The U.S. Dollar remained mostly flat throughout the 4th of July holiday, neither gaining nor losing momentum as geopolitical risks once again force markets to reassess the potential dangers of a nuclear–armed North Korea. Reports mention that the most recent test could demonstrate long-range capabilities, which alarms those who believe a missile could even reach Alaska. Japan and China will be monitoring things closely and the world will await an American response.
Economically there are a few things on the able that could impact FX markets. Factory Orders will be released at 10AM to gauge if production once again contracts. May’s figures are set to disappoint at half a percent reduction, thus why anything less dire or surprise expansion could move the buck. The FOMC minutes will be out at 2PM, see if we find anything interesting from the last meeting.
The Euro is holding around its best levels since last summer after good news on the unemployment situation is Spain. A member of the troubled quartet since the financial crisis known as the P.I.G.S. (Portugal, Ireland, Greece, and Spain), the Iberian nation has lowered its jobless rate to an eight-year low. The recovery has been slow, but as the fourth largest economy of the Euro-bloc, this showcases that the health of the monetary union rests not only on Germany or France.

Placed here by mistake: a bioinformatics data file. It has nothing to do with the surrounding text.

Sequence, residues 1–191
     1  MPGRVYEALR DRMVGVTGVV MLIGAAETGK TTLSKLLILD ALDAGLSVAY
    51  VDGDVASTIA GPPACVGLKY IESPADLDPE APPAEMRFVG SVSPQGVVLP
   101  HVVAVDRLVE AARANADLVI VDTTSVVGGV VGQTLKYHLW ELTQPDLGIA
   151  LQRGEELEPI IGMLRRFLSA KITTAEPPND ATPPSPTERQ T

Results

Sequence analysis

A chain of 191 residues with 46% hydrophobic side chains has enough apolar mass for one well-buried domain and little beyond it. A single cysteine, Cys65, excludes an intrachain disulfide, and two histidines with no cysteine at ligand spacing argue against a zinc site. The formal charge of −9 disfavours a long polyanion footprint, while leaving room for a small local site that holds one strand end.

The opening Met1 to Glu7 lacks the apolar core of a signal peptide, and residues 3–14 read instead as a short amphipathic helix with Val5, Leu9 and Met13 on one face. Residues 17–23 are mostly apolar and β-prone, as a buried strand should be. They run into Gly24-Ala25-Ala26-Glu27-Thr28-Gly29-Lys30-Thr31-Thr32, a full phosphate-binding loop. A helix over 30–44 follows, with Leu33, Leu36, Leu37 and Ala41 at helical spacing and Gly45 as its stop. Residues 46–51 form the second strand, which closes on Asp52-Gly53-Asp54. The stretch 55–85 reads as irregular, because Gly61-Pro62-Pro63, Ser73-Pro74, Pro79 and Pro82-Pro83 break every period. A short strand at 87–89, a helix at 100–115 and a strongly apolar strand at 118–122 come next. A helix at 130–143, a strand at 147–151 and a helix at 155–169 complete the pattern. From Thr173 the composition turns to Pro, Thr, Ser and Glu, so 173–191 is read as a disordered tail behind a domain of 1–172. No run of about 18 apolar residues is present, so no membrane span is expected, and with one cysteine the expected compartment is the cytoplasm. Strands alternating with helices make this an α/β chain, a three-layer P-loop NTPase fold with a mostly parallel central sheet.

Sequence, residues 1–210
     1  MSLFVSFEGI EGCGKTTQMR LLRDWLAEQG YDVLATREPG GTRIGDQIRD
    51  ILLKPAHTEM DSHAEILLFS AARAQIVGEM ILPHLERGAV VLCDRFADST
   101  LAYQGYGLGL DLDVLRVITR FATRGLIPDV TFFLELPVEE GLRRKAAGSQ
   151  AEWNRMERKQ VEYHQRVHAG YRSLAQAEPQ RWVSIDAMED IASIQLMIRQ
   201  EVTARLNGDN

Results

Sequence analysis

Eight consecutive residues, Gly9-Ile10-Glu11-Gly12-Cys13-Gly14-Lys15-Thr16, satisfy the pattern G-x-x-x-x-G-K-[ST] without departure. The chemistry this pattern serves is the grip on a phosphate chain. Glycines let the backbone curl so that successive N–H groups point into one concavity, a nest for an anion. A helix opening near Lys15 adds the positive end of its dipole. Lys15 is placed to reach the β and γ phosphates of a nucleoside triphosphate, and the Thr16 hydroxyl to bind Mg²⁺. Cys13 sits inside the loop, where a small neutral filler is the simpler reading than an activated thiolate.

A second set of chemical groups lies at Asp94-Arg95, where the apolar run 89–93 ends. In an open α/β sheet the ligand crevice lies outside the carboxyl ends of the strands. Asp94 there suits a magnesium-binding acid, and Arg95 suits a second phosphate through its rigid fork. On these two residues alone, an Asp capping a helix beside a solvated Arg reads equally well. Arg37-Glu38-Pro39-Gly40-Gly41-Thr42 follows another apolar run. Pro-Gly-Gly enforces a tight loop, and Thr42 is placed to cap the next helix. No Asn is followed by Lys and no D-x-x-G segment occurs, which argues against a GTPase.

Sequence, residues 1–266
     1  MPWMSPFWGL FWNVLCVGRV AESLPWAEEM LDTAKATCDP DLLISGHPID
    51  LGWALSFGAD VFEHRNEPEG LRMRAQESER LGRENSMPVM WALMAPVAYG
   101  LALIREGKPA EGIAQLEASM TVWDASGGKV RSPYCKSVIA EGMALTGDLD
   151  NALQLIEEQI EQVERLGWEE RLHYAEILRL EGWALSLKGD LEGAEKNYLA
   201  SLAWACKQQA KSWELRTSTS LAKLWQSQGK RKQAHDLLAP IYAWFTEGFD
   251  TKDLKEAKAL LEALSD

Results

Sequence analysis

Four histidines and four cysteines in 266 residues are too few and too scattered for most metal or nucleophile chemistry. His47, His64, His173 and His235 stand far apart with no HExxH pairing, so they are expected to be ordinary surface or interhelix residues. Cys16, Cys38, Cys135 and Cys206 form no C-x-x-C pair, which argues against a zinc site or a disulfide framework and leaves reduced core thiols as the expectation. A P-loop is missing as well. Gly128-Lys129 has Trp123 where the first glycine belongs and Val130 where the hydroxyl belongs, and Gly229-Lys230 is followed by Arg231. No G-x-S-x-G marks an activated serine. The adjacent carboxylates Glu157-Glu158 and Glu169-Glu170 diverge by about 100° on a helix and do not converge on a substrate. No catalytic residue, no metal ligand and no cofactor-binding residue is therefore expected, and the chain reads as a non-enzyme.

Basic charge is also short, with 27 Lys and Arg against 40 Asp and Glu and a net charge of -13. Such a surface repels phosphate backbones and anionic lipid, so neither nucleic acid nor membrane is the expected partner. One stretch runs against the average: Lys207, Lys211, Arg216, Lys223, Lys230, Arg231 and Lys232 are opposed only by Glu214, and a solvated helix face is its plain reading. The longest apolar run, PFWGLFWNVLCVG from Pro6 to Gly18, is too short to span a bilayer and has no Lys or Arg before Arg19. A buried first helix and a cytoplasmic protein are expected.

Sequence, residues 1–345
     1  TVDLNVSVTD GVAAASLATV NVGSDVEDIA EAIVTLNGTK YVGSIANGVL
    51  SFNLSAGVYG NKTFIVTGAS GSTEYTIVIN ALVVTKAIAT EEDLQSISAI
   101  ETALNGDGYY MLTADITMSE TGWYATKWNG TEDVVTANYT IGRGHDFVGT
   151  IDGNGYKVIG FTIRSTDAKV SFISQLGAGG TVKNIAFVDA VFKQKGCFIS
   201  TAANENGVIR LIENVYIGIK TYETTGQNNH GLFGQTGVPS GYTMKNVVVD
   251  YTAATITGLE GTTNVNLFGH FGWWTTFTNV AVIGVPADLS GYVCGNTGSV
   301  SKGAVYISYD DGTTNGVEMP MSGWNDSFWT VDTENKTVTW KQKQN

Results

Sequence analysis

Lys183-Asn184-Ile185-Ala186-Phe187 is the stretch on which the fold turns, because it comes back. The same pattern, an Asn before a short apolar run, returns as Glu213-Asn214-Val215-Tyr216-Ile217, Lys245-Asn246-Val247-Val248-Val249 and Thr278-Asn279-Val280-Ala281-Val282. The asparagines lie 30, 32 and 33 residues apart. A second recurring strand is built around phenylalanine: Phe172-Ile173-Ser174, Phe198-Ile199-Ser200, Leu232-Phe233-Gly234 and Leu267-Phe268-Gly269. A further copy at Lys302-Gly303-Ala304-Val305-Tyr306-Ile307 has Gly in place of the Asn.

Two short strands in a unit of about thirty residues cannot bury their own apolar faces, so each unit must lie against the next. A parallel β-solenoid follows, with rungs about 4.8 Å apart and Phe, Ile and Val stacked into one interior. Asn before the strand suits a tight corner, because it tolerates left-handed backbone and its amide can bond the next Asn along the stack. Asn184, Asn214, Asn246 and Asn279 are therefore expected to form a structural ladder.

Producer Prices had fallen did show some signs of contraction, which could serve the argument that the European Central Bank does not need to worry about tightening in the midst of heightened levels of inflation. The Euro will depreciate in the next few months if prices do show major slack, reducing chances of ECB tightening.
The Pound fell from a six-week high only because the dovish voices of the Bank of England have stepped in to give their two cents. Ian McCafferty, an official that voted against hiking, believes strongly that the bank needs to be “prudent” in their approach. In his assessment, it would be dangerous to hike too early instead of holding off and increasing rates slightly late.
Retail numbers and construction figures also disappointed, highlighting the inconsistency of a Brexit-anxious economic reality. The dollar has stopped the bleeding for now. .